Well known legal department consultant, Rees Morrison, reminds us of the four key challenges contract management poses for in-house lawyers:
Morrison notes the role of document assembly in addressing the drafting issue. Interestingly however, all four issues can actually benefit from a document assembly solution.
Most legal departments try to improve contract drafting by using MS Word templates. However, these create problems for all parts of an organization:
In contrast, document assembly enables drafting to be pushed out to the business as a self-service model, while ensuring the generated agreements are legally compliant. The business users are guided through an intuitive web interview. The lawyers retain control by pre-determining what content is included. Further, PDF output ensures that the business user can't modify the document post-production.
For legal departments with contract review policies in place, document assembly systems can enforce those policies by embedding them into the system as rules.
When there is non-compliance with a rule (e.g. in answer to an insurance question, a user might respond that the counter-party has insufficient insurance), the system automatically routes the contract to the legal department for review.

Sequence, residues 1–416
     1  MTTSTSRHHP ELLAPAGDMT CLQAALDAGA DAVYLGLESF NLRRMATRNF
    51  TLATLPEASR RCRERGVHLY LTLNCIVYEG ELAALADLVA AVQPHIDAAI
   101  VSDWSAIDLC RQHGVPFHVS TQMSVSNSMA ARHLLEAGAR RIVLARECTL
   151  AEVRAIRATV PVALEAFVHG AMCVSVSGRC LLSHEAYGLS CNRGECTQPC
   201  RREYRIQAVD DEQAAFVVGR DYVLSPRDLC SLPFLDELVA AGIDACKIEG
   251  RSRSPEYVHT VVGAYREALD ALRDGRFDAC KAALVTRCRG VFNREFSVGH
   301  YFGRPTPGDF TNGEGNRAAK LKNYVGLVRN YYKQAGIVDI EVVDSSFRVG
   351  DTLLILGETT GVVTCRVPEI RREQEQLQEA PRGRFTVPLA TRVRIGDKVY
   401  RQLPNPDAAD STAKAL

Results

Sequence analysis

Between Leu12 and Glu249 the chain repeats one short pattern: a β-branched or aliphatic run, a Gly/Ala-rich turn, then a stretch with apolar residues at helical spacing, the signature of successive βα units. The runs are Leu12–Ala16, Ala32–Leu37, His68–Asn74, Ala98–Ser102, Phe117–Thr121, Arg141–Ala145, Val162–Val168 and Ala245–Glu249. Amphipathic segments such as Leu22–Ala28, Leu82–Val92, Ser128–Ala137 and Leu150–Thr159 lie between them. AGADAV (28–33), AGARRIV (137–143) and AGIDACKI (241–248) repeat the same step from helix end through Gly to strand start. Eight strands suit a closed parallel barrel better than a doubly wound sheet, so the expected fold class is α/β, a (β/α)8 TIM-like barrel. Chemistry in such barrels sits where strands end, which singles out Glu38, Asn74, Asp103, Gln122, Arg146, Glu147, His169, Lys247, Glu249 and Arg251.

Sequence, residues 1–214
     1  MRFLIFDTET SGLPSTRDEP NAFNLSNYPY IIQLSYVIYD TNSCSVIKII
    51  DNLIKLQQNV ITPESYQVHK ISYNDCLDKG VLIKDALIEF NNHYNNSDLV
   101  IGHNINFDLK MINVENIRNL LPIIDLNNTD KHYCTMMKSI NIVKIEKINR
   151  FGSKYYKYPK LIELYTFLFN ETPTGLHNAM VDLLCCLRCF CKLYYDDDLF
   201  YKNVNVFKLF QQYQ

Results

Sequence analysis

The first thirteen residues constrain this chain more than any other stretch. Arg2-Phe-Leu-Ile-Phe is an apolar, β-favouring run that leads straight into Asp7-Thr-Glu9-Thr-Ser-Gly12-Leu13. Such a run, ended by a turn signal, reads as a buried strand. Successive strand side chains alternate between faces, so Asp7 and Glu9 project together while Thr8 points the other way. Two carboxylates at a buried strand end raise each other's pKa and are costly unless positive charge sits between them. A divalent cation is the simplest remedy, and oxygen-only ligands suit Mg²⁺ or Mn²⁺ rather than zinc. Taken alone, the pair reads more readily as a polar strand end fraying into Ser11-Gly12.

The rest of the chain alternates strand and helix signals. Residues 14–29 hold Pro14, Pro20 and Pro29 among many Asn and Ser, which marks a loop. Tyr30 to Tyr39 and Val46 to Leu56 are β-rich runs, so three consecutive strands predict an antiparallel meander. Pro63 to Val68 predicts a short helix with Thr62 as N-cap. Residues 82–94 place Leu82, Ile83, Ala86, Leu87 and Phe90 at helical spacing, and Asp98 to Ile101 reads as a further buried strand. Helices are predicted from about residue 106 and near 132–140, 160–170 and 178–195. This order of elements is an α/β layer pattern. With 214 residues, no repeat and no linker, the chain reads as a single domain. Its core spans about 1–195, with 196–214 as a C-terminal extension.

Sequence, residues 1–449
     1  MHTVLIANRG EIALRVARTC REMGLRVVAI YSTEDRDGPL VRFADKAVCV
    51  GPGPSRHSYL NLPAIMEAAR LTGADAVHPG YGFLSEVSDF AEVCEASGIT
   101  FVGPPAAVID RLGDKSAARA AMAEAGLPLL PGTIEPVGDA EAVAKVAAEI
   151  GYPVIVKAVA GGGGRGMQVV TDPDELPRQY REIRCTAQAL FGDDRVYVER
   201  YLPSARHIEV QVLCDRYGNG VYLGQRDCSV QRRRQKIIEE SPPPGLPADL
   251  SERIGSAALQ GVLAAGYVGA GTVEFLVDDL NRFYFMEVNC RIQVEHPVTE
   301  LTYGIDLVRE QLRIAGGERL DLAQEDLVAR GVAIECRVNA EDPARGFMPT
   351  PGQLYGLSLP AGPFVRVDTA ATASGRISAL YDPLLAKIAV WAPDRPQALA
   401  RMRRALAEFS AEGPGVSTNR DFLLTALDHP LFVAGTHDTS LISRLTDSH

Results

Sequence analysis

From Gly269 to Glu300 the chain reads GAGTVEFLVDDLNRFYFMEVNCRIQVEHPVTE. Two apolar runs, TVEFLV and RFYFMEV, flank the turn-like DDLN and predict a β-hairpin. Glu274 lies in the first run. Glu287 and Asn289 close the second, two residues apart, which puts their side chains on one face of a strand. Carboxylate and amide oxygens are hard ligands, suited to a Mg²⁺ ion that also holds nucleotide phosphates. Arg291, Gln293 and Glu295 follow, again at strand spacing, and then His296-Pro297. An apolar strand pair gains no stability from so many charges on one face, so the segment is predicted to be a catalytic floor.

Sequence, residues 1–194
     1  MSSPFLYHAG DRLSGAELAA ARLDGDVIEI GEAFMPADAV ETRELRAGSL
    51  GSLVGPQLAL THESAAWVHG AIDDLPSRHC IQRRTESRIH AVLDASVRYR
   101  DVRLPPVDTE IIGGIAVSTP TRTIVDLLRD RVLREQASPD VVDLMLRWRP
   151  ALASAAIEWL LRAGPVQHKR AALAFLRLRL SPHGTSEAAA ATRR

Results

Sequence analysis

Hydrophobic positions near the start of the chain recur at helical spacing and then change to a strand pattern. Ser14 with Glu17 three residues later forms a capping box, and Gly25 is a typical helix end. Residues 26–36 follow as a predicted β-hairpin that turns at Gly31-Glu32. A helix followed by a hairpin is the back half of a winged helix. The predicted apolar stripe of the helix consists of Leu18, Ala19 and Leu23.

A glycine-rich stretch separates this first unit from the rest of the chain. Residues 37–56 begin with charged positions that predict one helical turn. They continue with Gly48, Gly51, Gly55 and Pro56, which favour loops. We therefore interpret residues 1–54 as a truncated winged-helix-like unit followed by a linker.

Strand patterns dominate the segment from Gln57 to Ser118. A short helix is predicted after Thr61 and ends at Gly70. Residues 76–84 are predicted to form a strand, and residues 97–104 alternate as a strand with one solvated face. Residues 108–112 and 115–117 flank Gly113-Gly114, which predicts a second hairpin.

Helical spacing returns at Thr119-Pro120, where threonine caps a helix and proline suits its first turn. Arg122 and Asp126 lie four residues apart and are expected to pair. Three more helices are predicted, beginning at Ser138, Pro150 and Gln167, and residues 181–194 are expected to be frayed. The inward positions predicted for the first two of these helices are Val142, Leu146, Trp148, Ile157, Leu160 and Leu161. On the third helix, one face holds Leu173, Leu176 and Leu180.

Document assembly can improve negotiation in two ways:
Typically, there is both a functional- and system-separation at the point of contract execution. Pre-execution work (drafting, review and negotiation) is controlled by Legal, while post-execution tasks (obligation management) are usually handled by a contracts department or business unit.
For companies that have implemented a contract management system, the right document assembly system can provide huge advantages via integration. They are able to:
Currently, a few innovative legal departments are realizing the full potential of document assembly. For various reasons, most organizations have not yet analyzed contracting the same ways they have other business processes. However, when they do, they will discover that the contracting process is highly inefficient, and that the potential cost savings from automation are just too great to ignore.